Celebrating Volunteering- National Volunteers Week June 2021
Volunteering epitomises everything that is good about humanity. Individuals who manage and juggle their responsibilities whilst looking to give and help others goes unnoticed. This past year we were reminded about the good in people, how warm and selfless they can be in times of great uncertainty. Often when we receive kindness or someone's time without a return it can be taken for granted.
Whether you have volunteers working on your helpline, or volunteer yourself, think about what made you want to become a volunteer.
Volunteers are unique, the diversity it brings to your organisation, the way they can influence and shape your ongoing progress, the commitment and passion they bring, and most importantly, the difference they make to people’s lives.
When working on a helpline with volunteers I often reflect on some key areas that are needed to have a value-based and stable environment.
- Agree on a clear working engagement model that your team and volunteers will be trained in and that you can measure their ongoing development and acquired levels of practice.
- Ensure you have a robust safeguarding policy that covers adults and children and young people and establish practice guidelines. This eases anxiety and gives clear parameters to work within.
- Have an effective recruitment policy with a focus on ‘safer working practices’ – there are many safer working practices checklists and practices to follow online.
- When recruiting volunteers, consider covering volunteer agreements, talking through boundaries and role expectations so that there is clarity and a defined expectation of practices and behaviours.
Effective support network and practices:
- Introduce a briefing/check-in process with volunteers before, and during shift.
- De-brief (post-shift) to check in with volunteers or call handlers to ensure that they have some time to discuss any difficult calls they have had – the focus here is on facilitating them to leave the calls and shift behind and have that mental and emotional cut-off. Volunteers who work from home and do not have the physical act of leaving a building or unit where a helpline operates out of, need to switch off. Help them by sharing techniques or advice on how to do that. For example, choosing a space in their house that they know they will not be interrupted, and it is quiet, or changing the composition of where things are in the room or setting furniture out in a certain way and then change it all up once their shift has come to an end. Physically leave that space and go for a walk or do an activity that gives separation, not just physically but mentally. It is important to avoid vicarious trauma and compassion fatigue.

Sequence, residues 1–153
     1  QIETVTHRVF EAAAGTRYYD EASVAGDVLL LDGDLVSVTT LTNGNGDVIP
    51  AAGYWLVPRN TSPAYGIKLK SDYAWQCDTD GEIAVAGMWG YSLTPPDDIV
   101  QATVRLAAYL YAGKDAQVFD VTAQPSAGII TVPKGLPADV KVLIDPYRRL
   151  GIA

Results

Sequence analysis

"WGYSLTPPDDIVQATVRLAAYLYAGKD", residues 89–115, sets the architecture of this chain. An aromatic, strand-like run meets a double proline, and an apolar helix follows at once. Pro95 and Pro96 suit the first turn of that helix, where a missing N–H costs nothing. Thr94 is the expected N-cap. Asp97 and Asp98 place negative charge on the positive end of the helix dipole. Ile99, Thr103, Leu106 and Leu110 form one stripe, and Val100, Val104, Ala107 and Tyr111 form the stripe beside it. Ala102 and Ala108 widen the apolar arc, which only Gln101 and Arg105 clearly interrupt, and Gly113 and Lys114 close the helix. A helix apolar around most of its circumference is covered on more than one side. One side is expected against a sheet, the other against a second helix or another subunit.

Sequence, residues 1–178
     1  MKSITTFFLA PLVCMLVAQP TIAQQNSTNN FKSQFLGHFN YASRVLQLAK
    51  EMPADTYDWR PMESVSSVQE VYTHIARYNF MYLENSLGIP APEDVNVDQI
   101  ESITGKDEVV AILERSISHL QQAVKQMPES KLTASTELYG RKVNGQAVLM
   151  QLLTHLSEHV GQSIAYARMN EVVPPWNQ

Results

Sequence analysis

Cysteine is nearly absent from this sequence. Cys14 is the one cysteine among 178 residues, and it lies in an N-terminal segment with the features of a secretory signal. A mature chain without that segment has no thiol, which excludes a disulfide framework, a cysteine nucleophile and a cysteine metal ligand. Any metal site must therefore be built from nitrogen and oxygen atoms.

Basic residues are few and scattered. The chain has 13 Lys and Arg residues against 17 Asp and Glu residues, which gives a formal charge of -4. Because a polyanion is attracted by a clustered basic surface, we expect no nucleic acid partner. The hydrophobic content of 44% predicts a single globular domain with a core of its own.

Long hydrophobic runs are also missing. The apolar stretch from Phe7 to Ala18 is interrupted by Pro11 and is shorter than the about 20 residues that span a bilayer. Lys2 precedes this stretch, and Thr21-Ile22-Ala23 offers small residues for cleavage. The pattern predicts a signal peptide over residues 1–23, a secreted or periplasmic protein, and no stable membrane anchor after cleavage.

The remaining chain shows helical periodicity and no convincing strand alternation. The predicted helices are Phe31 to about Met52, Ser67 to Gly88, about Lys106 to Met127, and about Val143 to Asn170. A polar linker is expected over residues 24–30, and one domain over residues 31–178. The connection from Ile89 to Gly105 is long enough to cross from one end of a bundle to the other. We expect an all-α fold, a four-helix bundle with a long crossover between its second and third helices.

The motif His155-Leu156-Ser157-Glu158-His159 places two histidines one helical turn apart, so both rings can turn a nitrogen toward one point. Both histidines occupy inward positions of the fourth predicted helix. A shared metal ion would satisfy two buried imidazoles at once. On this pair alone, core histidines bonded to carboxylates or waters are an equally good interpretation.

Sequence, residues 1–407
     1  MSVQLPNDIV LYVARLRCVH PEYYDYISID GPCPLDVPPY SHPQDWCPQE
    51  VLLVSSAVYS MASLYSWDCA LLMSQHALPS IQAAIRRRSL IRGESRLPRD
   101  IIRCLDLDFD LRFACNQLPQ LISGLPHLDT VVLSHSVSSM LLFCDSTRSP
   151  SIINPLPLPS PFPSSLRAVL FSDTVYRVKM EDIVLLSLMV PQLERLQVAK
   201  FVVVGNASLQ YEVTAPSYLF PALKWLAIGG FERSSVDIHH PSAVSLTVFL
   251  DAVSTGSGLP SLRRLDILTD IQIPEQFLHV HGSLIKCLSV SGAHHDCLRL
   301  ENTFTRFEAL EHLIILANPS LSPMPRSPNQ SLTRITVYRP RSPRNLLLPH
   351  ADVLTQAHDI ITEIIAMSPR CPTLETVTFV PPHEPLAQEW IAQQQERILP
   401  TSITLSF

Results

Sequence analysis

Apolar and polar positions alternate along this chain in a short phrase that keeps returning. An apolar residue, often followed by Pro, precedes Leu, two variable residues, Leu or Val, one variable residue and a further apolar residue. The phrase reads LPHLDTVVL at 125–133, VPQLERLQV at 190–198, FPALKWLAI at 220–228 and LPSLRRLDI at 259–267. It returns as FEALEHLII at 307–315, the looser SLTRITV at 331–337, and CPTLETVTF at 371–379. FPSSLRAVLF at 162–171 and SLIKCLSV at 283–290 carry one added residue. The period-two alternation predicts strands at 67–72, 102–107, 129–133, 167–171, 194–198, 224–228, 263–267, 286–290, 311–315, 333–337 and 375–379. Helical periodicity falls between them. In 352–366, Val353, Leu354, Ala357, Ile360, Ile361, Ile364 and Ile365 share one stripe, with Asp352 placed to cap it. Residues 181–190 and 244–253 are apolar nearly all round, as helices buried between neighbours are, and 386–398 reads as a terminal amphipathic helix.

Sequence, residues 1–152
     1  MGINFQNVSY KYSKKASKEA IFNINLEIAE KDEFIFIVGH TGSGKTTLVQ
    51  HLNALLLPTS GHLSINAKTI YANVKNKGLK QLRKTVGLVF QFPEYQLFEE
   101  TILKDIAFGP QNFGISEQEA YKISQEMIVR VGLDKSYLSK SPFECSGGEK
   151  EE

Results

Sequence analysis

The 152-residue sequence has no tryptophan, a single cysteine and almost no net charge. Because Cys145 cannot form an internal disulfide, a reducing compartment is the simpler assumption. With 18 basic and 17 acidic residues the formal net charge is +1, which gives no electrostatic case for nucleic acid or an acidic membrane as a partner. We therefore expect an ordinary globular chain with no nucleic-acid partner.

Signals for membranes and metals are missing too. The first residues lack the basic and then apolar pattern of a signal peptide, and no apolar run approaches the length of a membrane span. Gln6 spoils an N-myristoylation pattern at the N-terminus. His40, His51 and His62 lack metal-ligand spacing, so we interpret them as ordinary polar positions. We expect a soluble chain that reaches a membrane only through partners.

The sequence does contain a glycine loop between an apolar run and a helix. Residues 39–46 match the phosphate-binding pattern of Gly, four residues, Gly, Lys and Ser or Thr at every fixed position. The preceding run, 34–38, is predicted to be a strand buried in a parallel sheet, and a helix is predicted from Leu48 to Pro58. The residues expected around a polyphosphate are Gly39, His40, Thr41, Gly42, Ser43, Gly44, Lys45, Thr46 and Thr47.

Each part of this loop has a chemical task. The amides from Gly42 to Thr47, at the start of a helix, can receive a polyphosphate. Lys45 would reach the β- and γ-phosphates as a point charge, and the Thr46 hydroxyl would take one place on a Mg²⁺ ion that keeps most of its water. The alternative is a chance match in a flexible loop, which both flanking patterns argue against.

- Introduce group supervision and other forms of support to avoid these pitfalls and instil a culture of support and healthy practices of ‘letting go’ of calls and how that is managed.
- Think about how you would deal with any issues arising between volunteers and staff.
- During shifts/live calls: Have an allocated person or supervisor whom volunteers can contact via phone for advice or support with high-risk contacts, or general support and advice on what to explore next if they become stuck, feel out of their depth or anxious. Volunteers need reassurance and access to support if needed.
- How will you monitor the safer practices of volunteers having access to sensitive information of callers out of sight of a supervisor?
The most important factor in working with volunteers is how you make them feel. They need to feel valued, to feel as though they are contributing, to see you have a genuine interest in them and that they are not just another number in the room. You must invest time, commitment, and care. Volunteering can often change people’s lives, teach them new skills and new ways of seeing the world. See them as individuals and help to facilitate their journey, so that long after they leave you and the organisation, they will forever support your message and the practices you set and how you made them feel.